12. Arcelor Dunkerque, Joé Seeten, 1186 mtl
13. Ocean Planet, Bruce Schwab, 1191 mtl
14. UUDS, Hervé Laurent, 1196 mtl
15. VM Matériaux, Patrice Carpentier, 1258 mtl
16 Akena Vérandas, Raphaël Dinelli, 1351 mtl
17. Roxy, Anne Liardet, 1505 mtl
18. Max Havelaar/Best Western, Benoît Parnaudeau, 1516 mtl
19. Benefic, Karen Leibovici, 1554 mtl .
20. Brother, Norbert Sedlacek, 1939 mtl

It's going to be much more of a fight than I thought it was going to be ...
I feel good about it, but in moments like when I ran out of wind, I've been
wishing I had a few people with me to help with the maneuvers. Yesterday I
missed having a laugh, needed someone to crack a joke. - Nick Moloney, Skandia

"It's a new experience for me having just "one head" to get re-energized,
thinking and working the problem. Four years ago on the BT Global
Challenge, I felt a lot more pressure as leader because during the recovery
phase so much effort is put towards those onboard that couldn't re-energies
themselves on there own. That said, then there were eighteen new ideas
onboard about how we should solve the problem - this time there's only
one." - Conrad Humphreys, Hellomoto

"You learn in the south how to sail at the bottom end of the sail wardrobe.
It's not so much perpetual fear so much as perpetual anticipation for
what's going to happen next, because you can be going along like this, and
everything's hunky-dory, and then something will go bang, or something will
break, or a squall will come through, or a sudden windshift will make you
gybe. It's all very unsettled. At the same time, that's part of the thrill
of it." - Mike Golding, Ecover

"As we're coming close to the Southern Ocean, now is not the time to risk
radical options or attacking like a madman. All in all, nothing has changed
that much. Strategy is the name of the game together with weather analysis
for boat safety." - Jean-Pierre Dick, Virbac-Paprec

(The Daily Sail spoke with Russell Bowler, Bruce Farr's main partner and
principle engineering talent at Farr Yacht Design, about the Open 60 class.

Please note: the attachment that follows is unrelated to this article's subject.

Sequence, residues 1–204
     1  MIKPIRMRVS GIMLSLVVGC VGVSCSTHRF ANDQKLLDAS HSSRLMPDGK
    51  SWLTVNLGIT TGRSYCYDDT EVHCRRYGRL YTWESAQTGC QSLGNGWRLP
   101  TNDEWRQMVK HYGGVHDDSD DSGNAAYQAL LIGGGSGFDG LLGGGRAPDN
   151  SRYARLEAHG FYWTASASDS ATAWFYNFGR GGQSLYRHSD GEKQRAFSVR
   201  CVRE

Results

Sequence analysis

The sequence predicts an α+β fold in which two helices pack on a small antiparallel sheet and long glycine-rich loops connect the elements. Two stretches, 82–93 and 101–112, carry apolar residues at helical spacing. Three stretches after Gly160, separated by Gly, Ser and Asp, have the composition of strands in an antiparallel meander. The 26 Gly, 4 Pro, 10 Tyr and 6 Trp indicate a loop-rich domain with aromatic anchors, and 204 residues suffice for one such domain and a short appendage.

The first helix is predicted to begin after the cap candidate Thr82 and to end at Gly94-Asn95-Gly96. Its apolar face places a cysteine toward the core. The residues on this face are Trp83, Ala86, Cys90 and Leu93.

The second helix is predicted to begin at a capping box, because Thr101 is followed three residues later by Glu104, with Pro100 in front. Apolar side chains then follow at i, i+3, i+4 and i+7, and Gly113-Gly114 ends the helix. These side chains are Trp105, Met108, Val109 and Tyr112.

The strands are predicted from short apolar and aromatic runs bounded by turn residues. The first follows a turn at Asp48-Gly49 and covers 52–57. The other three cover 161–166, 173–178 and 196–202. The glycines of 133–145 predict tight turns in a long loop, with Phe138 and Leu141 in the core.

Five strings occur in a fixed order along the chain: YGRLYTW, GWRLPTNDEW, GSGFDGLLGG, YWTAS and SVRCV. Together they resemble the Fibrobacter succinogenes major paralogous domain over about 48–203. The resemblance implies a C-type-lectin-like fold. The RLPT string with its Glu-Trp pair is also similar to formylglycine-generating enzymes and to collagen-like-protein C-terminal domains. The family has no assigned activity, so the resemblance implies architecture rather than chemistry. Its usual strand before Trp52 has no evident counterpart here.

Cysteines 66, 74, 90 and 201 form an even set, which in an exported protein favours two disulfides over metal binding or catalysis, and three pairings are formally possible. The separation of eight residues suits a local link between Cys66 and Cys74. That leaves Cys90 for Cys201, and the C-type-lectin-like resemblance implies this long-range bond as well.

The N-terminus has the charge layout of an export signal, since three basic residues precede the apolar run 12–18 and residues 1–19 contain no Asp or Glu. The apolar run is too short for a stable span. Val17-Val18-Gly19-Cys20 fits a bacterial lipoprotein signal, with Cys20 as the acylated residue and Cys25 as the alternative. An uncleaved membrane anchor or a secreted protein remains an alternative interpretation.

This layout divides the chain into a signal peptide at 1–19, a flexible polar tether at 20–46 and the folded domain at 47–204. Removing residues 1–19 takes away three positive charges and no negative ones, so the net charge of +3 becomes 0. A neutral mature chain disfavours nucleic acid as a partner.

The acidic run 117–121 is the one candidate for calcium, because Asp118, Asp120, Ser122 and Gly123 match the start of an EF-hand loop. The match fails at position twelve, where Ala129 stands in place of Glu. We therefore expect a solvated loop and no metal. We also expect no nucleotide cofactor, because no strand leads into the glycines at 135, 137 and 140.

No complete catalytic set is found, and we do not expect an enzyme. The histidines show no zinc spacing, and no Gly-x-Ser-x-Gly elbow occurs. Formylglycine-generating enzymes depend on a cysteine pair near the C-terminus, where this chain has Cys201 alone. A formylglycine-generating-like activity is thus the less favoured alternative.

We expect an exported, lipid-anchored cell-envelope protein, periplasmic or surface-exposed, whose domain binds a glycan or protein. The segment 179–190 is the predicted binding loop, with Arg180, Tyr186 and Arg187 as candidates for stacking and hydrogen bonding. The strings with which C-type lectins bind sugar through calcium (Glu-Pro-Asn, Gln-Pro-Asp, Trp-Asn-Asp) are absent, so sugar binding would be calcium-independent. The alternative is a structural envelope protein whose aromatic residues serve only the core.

Here are some of Bowler's quotes from that story.)

"The Open 60 rule is not very open in lots of ways. It is quite a
type-forming rule - with the 10 degree limit on the heel at the dock with
the canting or ballast system is a major constraint to the design. Although
it is very simple it is a major constraint. So that is what you work around
and you have some freedom about how you work around that constraint, but
it's there all the time. The challenge with the design is to give the boat
sufficient stability to go upwind reasonably and to reach reasonably well
and at the same be light enough to go fast downwind. That is the mix you
have to work between.

"The other half of the equation is to come up with a VPP that accurately
models the things you can change within the class rules," continues Bowler.
"The big part of our job with this research program was to get our VPP
adapted to this style of boat, so it would handle the light displacement,
the multiple appendages, the off-centre appendages, the canting keel and
the fact that you have a sole driver that seldom gets 100% of the boat's
potential. It is so important that the boat is easy to sail and does quite
well on it own and performs by itself to a fairly high percentage of its
total potential." - Quotes from Russell Bowler from a story now posted on
The Daily Sail website,

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The fleet leaders are rounding waypoint 4, marking their departure from the
River Plate and the beginning of their journey south to the Horn. They have
bunched up this afternoon, and now only 9 nm separates first and last,
currently Spirit of Sark and Team Stelmar respectively, although such a
small margin gives the fleet positions little reliability at this stage.
Interestingly, the top 8 yachts are all within just 5nm of each other,
which must be very tense for the skippers and crew, all desperate to get
away to a flying start.

The next few hours will be crucial - with such small distances between
teams, fleet positions will no doubt fluctuate over the coming polls. The
deep, well formed low-pressure system, currently lying off the west of
Chile, will make its way across the landmass of South America and should
intercept the fleet by tomorrow evening. The lead yachts still look to be